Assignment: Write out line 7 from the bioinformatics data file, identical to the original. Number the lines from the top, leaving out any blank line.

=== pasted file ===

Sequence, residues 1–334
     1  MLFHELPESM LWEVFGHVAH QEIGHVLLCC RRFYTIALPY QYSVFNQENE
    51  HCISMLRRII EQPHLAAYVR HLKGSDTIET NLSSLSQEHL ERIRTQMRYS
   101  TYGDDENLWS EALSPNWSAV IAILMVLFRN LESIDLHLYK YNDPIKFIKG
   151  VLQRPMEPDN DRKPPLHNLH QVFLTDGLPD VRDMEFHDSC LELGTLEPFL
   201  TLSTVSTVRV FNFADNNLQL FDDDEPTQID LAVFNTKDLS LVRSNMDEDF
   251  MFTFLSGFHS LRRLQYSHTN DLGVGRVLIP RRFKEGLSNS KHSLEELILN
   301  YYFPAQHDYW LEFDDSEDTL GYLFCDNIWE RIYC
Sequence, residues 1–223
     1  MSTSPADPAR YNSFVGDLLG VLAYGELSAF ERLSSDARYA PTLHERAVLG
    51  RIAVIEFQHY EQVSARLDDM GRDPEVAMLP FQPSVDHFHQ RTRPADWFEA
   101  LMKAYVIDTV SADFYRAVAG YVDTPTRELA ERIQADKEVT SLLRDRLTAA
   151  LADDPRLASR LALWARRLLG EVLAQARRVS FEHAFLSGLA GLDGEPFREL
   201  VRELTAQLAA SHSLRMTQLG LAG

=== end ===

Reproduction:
   251  MFTFLSGFHS LRRLQYSHTN DLGVGRVLIP RRFKEGLSNS KHSLEELILN